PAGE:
LIWAY Project in Ethiopia: a collaborative effort for transformative change
The Livelihood Improvement for Women and Youth (LIWAY) project in Ethiopia has provided insights into the need for gradual, evidence-based transformational change that involves public-private partnerships (PPPs) to address inequality and unemployment issues faced by women and youth in Addis Ababa, the fastest growing city in Africa. While the city has created huge wealth, many people have been left behind due to cultural and economic factors, with women and youth being particularly disadvantaged. The national unemployment rate in Ethiopia is 8%, with a higher unemployment rate amongst females, while the youth unemployment rate in urban areas is as high as 23.1%. The LIWAY project aims to improve the incomes of 257,000 women and youth in Addis Ababa over a nine-year period through its ‘making markets work for the poor’ approach.
The program is being implemented by a consortium of partners, including SNV (lead), Mercy Corps, TechnoServe, and Save the Children International, and operates in four interconnected market systems (Labour, MSE, MLE, and Skills), each led by one consortium partner. The starting point for LIWAY’s interventions is the identification of systemic barriers that hinder young people’s entry and success in the world of work and enterprise creation, with the aim of influencing and contributing to a conducive enabling environment. The project works closely with the national government and the private sector to create awareness of the benefits of a market systems development approach and to enhance ownership and buy-in.
LIWAY’s approach has already achieved significant results, including improving incomes and influencing policy changes in areas such as affordable child-care services, e-commerce, start-up ecosystems, tax simplification and compliance, and the Ethiopian Technical and Vocational Education and Training (TVET) system. For example, the program influenced the development of an electronic transaction (e-Commerce) platform and contributed to the framing of a start-up ecosystem proclamation, which is currently under review by the sub-committee at the Federal House of Representatives.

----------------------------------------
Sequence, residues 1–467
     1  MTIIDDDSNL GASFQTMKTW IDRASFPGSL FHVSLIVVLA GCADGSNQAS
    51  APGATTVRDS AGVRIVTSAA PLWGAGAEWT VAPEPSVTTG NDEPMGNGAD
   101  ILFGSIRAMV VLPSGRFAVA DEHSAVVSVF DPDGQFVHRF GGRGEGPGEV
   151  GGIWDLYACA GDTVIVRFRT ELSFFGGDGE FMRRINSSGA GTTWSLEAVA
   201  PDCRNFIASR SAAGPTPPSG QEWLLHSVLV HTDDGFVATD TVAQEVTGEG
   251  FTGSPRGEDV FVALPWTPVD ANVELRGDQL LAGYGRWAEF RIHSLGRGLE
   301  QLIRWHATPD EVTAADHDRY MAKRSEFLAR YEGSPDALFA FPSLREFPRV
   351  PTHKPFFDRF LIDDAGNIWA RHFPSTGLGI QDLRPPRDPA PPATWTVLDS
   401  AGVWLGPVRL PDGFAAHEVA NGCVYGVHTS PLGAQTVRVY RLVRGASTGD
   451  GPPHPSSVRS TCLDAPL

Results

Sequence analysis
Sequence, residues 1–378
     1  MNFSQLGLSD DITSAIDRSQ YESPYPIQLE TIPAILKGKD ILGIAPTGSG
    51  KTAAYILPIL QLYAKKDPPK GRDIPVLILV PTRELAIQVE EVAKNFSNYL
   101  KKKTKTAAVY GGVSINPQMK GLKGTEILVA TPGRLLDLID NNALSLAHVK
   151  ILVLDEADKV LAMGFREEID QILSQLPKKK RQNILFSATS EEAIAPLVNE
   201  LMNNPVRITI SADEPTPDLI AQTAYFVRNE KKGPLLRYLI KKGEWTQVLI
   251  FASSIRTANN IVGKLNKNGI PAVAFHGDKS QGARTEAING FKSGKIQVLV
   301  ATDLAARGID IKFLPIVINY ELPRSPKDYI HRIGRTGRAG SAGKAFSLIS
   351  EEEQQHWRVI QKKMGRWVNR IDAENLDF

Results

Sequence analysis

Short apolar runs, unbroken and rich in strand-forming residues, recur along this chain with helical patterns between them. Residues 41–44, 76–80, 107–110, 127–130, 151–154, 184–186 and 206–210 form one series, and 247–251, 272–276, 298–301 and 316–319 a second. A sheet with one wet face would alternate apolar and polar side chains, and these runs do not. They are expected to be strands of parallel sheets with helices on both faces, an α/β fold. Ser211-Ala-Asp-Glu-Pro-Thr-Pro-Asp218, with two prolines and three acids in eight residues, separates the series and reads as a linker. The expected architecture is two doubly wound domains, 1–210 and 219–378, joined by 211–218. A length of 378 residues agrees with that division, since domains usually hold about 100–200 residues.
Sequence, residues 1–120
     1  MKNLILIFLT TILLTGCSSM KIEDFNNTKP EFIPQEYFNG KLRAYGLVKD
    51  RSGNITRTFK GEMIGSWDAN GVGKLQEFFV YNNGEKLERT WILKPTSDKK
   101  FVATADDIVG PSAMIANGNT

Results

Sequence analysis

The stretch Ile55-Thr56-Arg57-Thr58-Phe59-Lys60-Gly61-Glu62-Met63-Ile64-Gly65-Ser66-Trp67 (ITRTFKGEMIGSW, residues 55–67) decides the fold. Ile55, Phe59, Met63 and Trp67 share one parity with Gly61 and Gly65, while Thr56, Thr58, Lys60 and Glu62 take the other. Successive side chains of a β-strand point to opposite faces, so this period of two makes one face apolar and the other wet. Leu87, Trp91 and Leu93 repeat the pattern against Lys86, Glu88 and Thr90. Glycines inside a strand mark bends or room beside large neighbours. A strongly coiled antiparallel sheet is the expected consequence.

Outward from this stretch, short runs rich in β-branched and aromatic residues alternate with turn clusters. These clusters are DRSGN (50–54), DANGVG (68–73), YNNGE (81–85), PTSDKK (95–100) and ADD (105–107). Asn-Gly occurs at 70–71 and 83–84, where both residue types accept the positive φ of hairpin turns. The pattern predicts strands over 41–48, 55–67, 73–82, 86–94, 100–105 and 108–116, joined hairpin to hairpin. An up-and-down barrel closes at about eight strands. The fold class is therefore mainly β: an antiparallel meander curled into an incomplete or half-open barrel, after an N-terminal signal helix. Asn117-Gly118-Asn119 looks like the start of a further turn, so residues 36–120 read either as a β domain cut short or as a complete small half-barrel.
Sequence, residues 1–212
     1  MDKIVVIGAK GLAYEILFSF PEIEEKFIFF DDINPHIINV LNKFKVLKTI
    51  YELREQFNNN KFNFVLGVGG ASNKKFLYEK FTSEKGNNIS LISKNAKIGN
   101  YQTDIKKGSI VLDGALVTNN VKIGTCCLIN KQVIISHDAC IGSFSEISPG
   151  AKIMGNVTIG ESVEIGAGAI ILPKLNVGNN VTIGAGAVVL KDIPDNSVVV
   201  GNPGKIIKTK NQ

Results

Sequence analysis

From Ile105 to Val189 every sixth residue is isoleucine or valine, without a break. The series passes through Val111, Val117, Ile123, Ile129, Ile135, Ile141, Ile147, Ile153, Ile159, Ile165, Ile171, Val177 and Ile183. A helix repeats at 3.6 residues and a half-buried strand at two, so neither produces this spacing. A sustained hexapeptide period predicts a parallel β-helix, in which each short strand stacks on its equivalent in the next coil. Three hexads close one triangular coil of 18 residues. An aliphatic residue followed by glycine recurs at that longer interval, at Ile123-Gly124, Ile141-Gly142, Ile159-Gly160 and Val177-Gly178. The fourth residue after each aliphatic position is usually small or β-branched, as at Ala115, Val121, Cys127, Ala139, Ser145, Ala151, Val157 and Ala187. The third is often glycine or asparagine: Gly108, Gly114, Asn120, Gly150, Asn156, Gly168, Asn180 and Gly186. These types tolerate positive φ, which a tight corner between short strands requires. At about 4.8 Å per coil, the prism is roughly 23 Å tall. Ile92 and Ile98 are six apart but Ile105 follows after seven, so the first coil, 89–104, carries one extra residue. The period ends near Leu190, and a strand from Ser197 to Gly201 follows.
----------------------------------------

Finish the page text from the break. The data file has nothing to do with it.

LIWAY has also supported policy changes to make affordable child-care services more accessible, benefiting working mothers such as Kalkidan, who attests to the positive impact of the program on her economic freedom; ‘there is no substitute for the way I feel because I'm a working mother. I can leave my child in a safe environment and make money,’ she says. After giving birth to her twin children, the mother of three was not able to return to work and became dependent on the income of her husband. However, it was not enough to meet the family's needs and Kalkidan was persistent on returning to the job market. LIWAY’s labour system intervention on public child care services brought a solution to Kalkidan and other women in the community to keep their children in safe environments while they work. Now, Kalkidan has her own coffee business.
According to Timoteos Hayesso, the Chief of Party for LIWAY, ‘systemic change is gradual, but through strategic PPPs, lasting impact can be realised’. The program has created employment and income for more than 51,500 women and youth in 2022, reaching close to 80,000 people to date.
For more information on LIWAY's approach and impact, visit the project website at www.liway.org or contact email@example.com. The LIWAY project serves as a model for achieving transformational change in cities experiencing rapid economic growth and should be studied and replicated in other contexts.